The news coverage was fairly descriptive. Two sides stood opposed to each other in Columbia, South Carolina, just outside the Capital Building. On one side stood those in favor of removing the confederate flag; on the other side stood the KKK. The news coverage proceeded to discuss the small showing on the part of the KKK, its declining membership over the years, and the disjointed nature of its current organization. For one, I am thankful the KKK has declined in membership over the years. In my opinion, it would be wonderful if it dissolved entirely.
Yet, it made me think about its origins and implications for believers today. Sadly, the Klan legitimized their beliefs from the Bible. In the 1920s the Klan intentionally wedded their mission to Biblical principles in order to stimulate recruitment. At the time 2/3 of their speakers were Protestant ministers. To this day, there is still an underlying Biblical motivation for their cause. For the record, I think the attempt to connect their views to a Christian belief system is reckless, absurd, and offensive. This dynamic caused me reflect on some implications for us.
First, God is used to defend a variety of misguided views. People can twist the Bible to say pretty much whatever they want. This is the case with the KKK. They appeal to a divine document in order to further their cause. Yet, the issue is not one of conviction but manipulation. Rather than honestly surrendering to the truths of Scripture, it is twisted for an agenda. While I would not put us in the same camp as the KKK, I think we need to be reminded that we oftentimes use Scripture to drive our desires. We use Biblical truth to rationalize our opinions, behavior, and choices, sometimes not because the Bible clearly states it but rather because we want it to. I have heard cases where Scripture is used to rationalize porn-viewing in order to enrich a marriage, judgment towards others based on moral superiority, and materialism as a sign of God’s blessings. For us, I think we need to be very willing to humbly submit to Biblical truth, allowing it to authoritatively speak into our lives rather than as a document to justify behavior.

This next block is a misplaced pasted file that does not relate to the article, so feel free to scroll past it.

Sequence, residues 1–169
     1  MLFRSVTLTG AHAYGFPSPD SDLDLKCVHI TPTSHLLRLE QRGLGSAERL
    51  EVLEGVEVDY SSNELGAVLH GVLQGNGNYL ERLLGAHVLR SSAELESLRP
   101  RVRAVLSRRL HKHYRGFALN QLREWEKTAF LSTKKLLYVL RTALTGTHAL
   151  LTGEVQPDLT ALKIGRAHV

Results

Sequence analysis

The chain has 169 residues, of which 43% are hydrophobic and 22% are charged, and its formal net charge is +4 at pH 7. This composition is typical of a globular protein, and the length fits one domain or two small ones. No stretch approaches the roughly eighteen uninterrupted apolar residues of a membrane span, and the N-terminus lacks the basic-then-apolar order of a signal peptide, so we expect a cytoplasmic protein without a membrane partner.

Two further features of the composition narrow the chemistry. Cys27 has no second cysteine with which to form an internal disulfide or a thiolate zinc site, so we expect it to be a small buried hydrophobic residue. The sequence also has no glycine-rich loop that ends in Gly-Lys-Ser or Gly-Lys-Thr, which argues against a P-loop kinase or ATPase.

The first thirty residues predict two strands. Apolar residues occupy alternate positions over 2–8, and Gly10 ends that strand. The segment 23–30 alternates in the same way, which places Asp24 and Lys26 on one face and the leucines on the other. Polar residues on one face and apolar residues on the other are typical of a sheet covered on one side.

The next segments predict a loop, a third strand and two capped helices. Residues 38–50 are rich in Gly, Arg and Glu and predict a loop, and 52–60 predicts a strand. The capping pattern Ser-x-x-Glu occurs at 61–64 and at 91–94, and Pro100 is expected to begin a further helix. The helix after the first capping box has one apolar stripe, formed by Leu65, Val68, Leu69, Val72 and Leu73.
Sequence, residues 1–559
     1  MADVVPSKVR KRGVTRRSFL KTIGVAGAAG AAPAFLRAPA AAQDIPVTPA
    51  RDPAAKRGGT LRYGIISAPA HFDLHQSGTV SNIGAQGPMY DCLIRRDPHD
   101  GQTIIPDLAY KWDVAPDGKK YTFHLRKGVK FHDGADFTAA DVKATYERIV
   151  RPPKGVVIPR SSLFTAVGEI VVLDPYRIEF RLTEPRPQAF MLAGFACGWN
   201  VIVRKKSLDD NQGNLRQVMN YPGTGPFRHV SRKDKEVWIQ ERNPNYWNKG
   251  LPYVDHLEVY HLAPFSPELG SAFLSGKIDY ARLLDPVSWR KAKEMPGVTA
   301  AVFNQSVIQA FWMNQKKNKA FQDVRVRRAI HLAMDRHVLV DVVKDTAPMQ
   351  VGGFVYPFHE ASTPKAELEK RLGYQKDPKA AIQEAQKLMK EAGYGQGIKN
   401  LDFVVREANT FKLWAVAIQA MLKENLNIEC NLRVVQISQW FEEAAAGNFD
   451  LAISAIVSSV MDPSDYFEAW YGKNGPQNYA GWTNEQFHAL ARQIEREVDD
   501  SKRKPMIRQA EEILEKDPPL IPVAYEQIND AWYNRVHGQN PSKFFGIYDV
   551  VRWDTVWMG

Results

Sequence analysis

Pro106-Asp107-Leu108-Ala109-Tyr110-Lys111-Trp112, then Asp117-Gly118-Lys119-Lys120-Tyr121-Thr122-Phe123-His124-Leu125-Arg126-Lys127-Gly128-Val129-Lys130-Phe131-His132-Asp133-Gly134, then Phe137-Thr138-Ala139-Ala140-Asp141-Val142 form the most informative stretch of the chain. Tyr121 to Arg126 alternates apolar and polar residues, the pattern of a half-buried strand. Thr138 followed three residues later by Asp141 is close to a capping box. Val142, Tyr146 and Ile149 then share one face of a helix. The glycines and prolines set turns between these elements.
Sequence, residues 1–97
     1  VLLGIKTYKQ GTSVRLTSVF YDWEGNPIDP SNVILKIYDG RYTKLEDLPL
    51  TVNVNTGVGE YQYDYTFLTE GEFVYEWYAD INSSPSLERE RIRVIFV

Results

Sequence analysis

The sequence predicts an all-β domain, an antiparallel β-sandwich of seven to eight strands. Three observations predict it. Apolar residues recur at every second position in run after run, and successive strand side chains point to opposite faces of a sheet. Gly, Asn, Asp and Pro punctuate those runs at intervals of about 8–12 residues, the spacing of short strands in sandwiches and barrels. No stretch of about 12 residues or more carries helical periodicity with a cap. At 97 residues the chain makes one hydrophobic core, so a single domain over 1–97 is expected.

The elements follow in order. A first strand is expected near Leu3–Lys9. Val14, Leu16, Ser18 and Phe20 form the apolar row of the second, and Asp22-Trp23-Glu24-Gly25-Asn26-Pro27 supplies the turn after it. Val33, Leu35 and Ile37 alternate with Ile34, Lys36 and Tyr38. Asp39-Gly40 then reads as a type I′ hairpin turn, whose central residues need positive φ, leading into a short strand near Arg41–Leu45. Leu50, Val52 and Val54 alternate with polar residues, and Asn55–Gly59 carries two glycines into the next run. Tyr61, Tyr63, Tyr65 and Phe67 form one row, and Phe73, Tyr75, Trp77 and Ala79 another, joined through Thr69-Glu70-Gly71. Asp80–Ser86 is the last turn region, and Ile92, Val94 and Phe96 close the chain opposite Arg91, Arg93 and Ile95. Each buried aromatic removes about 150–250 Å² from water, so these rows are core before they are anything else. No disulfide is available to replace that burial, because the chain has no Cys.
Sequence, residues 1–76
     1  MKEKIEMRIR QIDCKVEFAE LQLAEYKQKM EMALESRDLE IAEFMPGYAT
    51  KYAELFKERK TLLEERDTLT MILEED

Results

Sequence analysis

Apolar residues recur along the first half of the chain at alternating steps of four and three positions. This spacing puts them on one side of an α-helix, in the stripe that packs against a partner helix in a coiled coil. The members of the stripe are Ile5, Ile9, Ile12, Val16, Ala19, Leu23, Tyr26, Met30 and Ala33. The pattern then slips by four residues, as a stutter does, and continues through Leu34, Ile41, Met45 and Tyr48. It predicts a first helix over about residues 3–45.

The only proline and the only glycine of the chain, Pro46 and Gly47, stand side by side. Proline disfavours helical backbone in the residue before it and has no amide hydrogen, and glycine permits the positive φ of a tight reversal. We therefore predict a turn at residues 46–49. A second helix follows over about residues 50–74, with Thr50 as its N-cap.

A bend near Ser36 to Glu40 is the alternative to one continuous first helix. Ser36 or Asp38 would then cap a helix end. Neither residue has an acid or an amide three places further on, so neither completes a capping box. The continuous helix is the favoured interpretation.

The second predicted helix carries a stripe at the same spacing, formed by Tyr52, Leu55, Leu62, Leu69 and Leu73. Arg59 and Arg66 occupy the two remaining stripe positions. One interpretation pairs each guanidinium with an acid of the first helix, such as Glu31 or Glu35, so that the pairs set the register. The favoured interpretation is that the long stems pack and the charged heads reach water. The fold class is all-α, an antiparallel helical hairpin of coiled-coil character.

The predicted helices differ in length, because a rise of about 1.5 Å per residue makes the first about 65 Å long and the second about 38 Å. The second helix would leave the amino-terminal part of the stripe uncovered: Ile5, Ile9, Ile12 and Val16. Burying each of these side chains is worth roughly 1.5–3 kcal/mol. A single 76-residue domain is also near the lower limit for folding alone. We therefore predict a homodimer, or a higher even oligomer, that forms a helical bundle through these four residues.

Second, it is not simply about beliefs but character. Apart from the KKK’s distorted views, the character is clearly out-of-whack with the life of Christ. Even if a person agreed with their beliefs, they should dismiss it because their character is one of hatred. Therefore, they undermine their own beliefs by their racism. Scripture powerfully affirms that our beliefs are given credibility by our actions. True belief is displayed by true character. Oh, there is such a temptation for us as believers to have two sets of books: there are our beliefs and there are our actions. And oftentimes they don’t complement one another. This is why many people have a problem with the church. We say one thing and we do something else. I am guilty of this at times. I find myself affirming forgiveness only to discover I am also hanging onto resentment in some corner of my life. In those cases, my character is disconnected from my beliefs. So, I am reminded by the KKK that character must always radiate from my beliefs not be separate from it.
Lastly, we need to shine sometimes to compensate for those that give Christ a bad name. I am the first to say that it annoys me when someone poorly reflects on our Lord. We should strive to be a light to the world – we are ambassadors for Him. Yet, sometimes, it is easy to hide our faith because we don’t want to be attached to those that negatively define us. I think the solution is the opposite. We need to graciously shine all the more so that people see and know the real deal. There have always been people who have done unflattering things in the name of Christ and there always will be. I can’t control them. I can only control myself and the life I live for Christ.